}

private void notifyCallFinished() {
    if (callListener != null) {
        callListener.onFinished(this);
    }
}

Finally, we can use CompositeCall to manage requests like this…

// Activity onCreate()
compositeCall = new CompositeCall();

// Send reqeust
api.getItem(appData.getApi())
                .setLogTag(tag)
                .setRequestTag(tag)
                .attachTo(compositeCalls)
                .enqueue(new Callback(){
                    // skip...
                });
                
// Activity onDestroy()
compositeCall.cancelAll();

// Or cancel by reqeust tag
compositeCall.cancel(tag);

It’s very important to release or canel callbacks in the end of lifecycle! Don’t forget to cancel requests in onDetroy() or onStop() to avoid memory leak!

Unit Testing

I mentioned that Retrofit has good testability. If we override calls and adapters, how could we test them? Don’t worry, it’s not that hard to write unit tests against them! All of the calls are from Retrofit call, so we can write a fake call in unit test. Here is the test calls I write for RetrofitCall. I write this class by referencing retrofit-mock.

public class RetrofitTestCalls {

    public static <T> RetrofitCall<T> response(T successValue) {
        return new FakeCall<>(Response.success(successValue));
    }

    public static <T> RetrofitCall<T> response(Response<T> response) {
        return new FakeCall<>(response);
    }

    public static <T> RetrofitCall<T> failure(IOException failure) {
        return new FakeCall<>(failure);
    }

    static final class FakeCall<T> extends RetrofitCall<T> {
        private final Response<T> response;
        private final IOException error;
        private final AtomicBoolean canceled = new AtomicBoolean();
        private final AtomicBoolean executed = new AtomicBoolean();

        FakeCall(@NonNull Response<T> response) {
            super(null, null);

            this.response = response;
            this.error = null;
        }

        FakeCall(@NonNull IOException error) {
            super(null, null);
            this.response = null;
            this.error = error;
        }

        @Override
        public Response<T> execute() throws IOException {
            if (!executed.compareAndSet(false, true)) {
                throw new IllegalStateException("Already executed");
            }
            if (canceled.get()) {
                throw new IOException("canceled");
            }
            if (response != null) {
                return response;
            }
            throw error;
        }

        @SuppressWarnings("ConstantConditions") // Guarding public API nullability.
        @Override
        public void enqueue(Callback<T> callback) {
            if (callback == null) {
                throw new NullPointerException("callback == null");
            }
            if (!executed.compareAndSet(false, true)) {
                throw new IllegalStateException("Already executed");
            }
            if (canceled.get()) {
                callback.onFailure(null, new IOException("canceled"));
            } else if (response != null) {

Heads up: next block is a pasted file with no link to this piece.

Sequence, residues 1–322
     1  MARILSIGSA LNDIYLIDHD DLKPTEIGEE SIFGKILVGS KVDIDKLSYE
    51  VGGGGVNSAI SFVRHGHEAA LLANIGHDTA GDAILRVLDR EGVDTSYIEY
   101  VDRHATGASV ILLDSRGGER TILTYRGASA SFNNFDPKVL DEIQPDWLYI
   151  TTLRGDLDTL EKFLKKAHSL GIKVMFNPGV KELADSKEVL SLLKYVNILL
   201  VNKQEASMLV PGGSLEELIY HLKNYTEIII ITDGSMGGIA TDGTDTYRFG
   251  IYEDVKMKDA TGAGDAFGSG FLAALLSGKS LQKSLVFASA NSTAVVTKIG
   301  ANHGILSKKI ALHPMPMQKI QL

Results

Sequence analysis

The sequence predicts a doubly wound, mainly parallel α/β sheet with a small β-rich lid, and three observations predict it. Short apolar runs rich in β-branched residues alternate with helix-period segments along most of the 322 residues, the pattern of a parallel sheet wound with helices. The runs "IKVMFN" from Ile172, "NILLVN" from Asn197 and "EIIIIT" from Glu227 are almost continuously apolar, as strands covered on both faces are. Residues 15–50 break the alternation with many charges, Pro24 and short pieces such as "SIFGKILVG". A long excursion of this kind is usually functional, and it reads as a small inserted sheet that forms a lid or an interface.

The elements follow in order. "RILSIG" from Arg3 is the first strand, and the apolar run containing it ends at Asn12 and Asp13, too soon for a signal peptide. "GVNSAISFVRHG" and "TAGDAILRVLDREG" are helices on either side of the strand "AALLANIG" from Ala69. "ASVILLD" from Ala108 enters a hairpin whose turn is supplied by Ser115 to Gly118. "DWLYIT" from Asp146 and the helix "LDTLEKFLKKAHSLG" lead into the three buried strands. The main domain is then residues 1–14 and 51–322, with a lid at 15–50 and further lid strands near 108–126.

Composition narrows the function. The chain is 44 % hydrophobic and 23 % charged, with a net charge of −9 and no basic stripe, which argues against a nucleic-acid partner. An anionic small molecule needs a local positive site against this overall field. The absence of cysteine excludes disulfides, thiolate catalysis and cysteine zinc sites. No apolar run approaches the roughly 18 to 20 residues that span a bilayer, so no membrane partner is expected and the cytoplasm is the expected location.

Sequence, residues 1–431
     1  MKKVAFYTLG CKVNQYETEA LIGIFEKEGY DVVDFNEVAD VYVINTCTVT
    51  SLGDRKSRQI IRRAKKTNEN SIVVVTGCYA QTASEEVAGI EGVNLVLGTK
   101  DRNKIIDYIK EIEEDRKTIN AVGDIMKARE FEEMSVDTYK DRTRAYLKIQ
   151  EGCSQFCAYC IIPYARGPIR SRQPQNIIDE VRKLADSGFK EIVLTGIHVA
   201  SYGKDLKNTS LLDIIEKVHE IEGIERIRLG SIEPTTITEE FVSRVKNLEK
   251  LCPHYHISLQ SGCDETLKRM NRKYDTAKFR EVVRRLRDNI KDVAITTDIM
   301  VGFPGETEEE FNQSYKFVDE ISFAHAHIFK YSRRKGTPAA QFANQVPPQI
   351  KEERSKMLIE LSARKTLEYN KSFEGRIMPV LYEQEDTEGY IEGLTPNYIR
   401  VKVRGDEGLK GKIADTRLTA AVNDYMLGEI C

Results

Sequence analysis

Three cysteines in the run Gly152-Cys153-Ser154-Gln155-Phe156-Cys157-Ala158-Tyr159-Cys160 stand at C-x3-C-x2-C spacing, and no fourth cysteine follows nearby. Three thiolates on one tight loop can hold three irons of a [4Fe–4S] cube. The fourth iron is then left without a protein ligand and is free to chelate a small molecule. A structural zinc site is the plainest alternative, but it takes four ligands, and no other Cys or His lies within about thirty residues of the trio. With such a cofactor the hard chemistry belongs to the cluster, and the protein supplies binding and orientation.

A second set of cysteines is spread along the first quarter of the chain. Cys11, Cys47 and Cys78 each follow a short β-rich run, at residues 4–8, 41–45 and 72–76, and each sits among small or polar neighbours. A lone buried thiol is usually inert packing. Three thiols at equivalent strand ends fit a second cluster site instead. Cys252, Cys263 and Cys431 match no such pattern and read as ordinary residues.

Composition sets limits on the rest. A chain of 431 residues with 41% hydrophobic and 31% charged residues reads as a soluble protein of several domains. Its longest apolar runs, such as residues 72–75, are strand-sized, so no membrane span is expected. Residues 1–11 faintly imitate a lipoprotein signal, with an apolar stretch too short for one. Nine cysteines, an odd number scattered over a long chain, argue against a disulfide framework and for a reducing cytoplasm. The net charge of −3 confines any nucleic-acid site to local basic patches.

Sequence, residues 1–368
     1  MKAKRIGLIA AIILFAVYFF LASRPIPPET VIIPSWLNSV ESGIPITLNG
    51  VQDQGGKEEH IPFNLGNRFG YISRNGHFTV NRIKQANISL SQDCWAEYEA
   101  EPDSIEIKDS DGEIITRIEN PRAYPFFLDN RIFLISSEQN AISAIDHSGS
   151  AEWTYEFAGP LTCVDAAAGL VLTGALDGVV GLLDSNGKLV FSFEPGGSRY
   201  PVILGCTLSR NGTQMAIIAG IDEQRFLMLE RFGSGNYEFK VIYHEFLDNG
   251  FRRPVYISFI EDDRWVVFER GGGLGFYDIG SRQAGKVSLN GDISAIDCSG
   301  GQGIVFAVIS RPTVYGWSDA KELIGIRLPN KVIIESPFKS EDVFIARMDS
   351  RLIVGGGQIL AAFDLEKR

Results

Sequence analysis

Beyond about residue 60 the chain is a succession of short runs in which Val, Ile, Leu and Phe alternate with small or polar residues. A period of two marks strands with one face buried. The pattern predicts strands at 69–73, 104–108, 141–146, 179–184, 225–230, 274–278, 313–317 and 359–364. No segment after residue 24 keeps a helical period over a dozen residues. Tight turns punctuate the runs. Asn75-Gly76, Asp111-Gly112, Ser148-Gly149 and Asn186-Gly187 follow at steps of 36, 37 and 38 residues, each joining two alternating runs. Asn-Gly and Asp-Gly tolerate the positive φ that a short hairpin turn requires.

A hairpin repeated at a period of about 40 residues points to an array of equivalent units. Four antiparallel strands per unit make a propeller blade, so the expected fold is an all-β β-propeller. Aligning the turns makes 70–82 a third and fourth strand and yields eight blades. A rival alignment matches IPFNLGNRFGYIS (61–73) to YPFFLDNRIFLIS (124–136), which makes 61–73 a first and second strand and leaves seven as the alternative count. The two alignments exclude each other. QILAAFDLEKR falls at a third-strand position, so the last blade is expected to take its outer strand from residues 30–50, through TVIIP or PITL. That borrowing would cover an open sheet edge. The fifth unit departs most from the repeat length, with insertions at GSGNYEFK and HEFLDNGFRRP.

callback.onResponse(null, response);
            } else {
                callback.onFailure(null, error);
            }
        }

        @Override
        public boolean isExecuted() {
            return executed.get();
        }

        @Override
        public void cancel() {
            canceled.set(true);
        }

        @Override
        public boolean isCanceled() {
            return canceled.get();
        }

        @Override
        public RetrofitCall<T> clone() {
            if (response == null) {
                return new FakeCall<>(error);
            } else {
                return new FakeCall<T>(response);
            }
        }

        @Override
        public Request request() {
            if (response != null) {
                return response.raw().request();
            }
            return new Request.Builder().url("http://localhost").build();
        }
    }
}

Then, we can use them in tests. This mock class also gives us two advantages. First, we don’t actually need to send request to real server and tests shall be much faster. Second, we can decide what to response in mock calls.

@RunWith(PowerMockRunner.class)
public class MyPresenterImplTest {
    @Mock
    private IMyView mockView;
    @Mock
    private IRetrofitApi mockApi;

    private MyPresenterImpl presenter;

    @Before
    public void setUp() {
        presenter = new MyPresenterImpl(mockView, mockApi);
    }

    @Test
    public void getList() {
        final MyResponseModel response = TestModelUtil.getResponse();
        RetrofitCall<MyResponseModel> mockCall = getMockCall(response);
        presenter.getList();
        verify(mockView).setListRefreshing(true);
        assertTrue(mockCall.isExecuted());
        ArgumentCaptor<ArrayList> listArgumentCaptor = ArgumentCaptor.forClass(ArrayList.class);
        mockView.onListLoaded(listArgumentCaptor.capture());
    }

    private RetrofitCall<MyResponseModel> getMockCall(MyResponseModel resp) {
        RetrofitCall<MyResponseModel> mockCall = RetrofitTestCalls.response(Response.success(resp));
        when(mockApi.getList((String) anyObject())).thenReturn(mockCall);
        return mockCall;
    }
}

Summary

Using Retrofit makes android development faster and better. It also makes code more concise and easier to read. Custom calls and composite calls can help us get rid off memory leaks if we use them properly. However, in my personal opinion, I recommend using RxJava with Retrofit and lamdba expression to avoid callback hell and gain more manipulations on program data flow.